Last Friday was date night and ladybird and I took in Legally Blonde: the musical at the Queen Elizabeth Theatre; this wasn’t my first experience with musicals, but that doesn’t mean I enjoy them.
Weird thing is that while Elle Woods was fighting her way through Harvard Law School to win back the heart of her ex-boyfriend Warner (a thrilling plot to say the least), I gained a deeper appreciation for the Vancouver Canucks, and specifically Jannik Hansen.
In the second scene, Warner breaks up with Elle because she isn’t serious enough for him. The action is set in a restaurant with the two main characters at centre stage and naturally that’s where 99 per cent of the attention from those in attendance was. My interest, however, wandered to the tables in the back where two couples were having the most real/fake conversations I’ve ever seen, arm gestures and cutlery to the mouth without any food and all.
That got me thinking: if these background actors were careless and less attentive to detail, it wouldn’t have made for such a tightly run production – one that, I’m told, was good.
This applies to hockey how? Well, while the average fan is watching Daniel and Henrik Sedin tear down the ice en route to an astonishing goal, there’s a lot more that goes into that play than just the end result.
Sometimes it’s a hit to set up a pass, sometimes it’s the crisp tape-to-tape pass, sometimes it’s subtler than that, but like those dining actors engaged in "conversation", it makes a world of difference and it’s the reason the Canucks are in the driver’s seat down the stretch.
Jannik Hansen receives few accolades for his role on Vancouver’s checking line, yet he has become the backbone of a team on the cusp of its best season in franchise history.
It wasn’t so long ago that Hansen was the 287th selection in the 2004 NHL Entry Draft, or should I say the fifth-last pick in the draft. While other teams were playing eeny, meeny, miny, moe for a needle in the haystack, the Canucks had done their research on the Denmark product and nabbing the nearly overlooked forward is truly paying dividends.
Hansen is the lowest player ever drafted by the Canucks and he’s already tied with Mike Sillinger for 111th in franchise scoring with 24 goals and 36 assists. Of the 2004 draft class, only 24 players outside the top 30 chosen have played more NHL games than Hansen and a mere 16 first round picks have trumped the Canuck, led by Alex Ovechkin’s 462 games played.
Just so we’re clear: 242 players drafted ahead of Hansen have failed to match what he’s done thus far in his young career.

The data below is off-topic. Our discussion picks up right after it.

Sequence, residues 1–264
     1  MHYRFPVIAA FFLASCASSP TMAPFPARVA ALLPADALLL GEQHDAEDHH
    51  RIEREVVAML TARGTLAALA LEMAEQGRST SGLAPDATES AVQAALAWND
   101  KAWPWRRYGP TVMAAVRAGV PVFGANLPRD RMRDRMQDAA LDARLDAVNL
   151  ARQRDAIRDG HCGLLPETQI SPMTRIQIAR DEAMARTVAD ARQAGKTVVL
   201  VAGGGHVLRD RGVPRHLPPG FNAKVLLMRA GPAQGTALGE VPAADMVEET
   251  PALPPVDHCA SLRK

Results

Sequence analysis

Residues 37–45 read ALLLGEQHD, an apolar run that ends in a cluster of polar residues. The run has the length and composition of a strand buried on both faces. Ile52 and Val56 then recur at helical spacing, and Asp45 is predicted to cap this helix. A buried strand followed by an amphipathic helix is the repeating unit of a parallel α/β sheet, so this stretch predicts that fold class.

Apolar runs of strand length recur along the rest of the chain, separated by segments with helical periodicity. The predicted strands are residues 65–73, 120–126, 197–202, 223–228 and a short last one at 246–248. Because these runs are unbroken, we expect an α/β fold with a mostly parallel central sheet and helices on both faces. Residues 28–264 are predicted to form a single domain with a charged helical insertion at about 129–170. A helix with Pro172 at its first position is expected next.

Now in his third season with the Canucks, and first injury free campaign in which he’s been one of only seven Vancouver players to appear in every game, the 24-year-old leads the team in hits with 133, he’s fifth in takeaways with 35, his 24 blocked shots ranks 11th, while his average ice time of 14:46 is a personal-high.
All this and Hansen has a career-high 24 points thanks to a rush of three points (1-2-3) in his last two games. The Great Dane needs one more goal and one more assist to pass personal bests of nine and 15. What’s unique about Hansen’s numbers is that he’s produced more (5-9-14) with less (32 games) on the road, compared to 10 points (4-6-10) in 35 home games.
Hansen has become the soul of a line made up of himself, Manny Malhotra and Raffi Torres and the trio is currently in the forefront for the Canucks because of their offensive prowess in back-to-back games over the weekend.
It’s easy to lose track of the threesome when it isn’t scoring, but they’ve been producing nonetheless. Aside from Hansen, Malhotra is nearing career-marks in goals, assists and points and is second in league faceoff percentage at 62 per cent and second amongst NHL centremen in blocked shots with 70, while Torres is two assists from 100 and five from matching his best of 19, third in team hits at 116 and has 10 (5-5-10) of his 27 points against Northwest Division rivals.
Right now the offence is there from Hansen, Torres and Malhotra and no one is saying the well will run dry over the last 15 games before playoffs, but if it does, take comfort in their ability to get the job done everywhere else on the ice.
The goals get the glory and the grind gets overlooked and that’s just fine with Hansen and company.
After all, there’s always someone watching.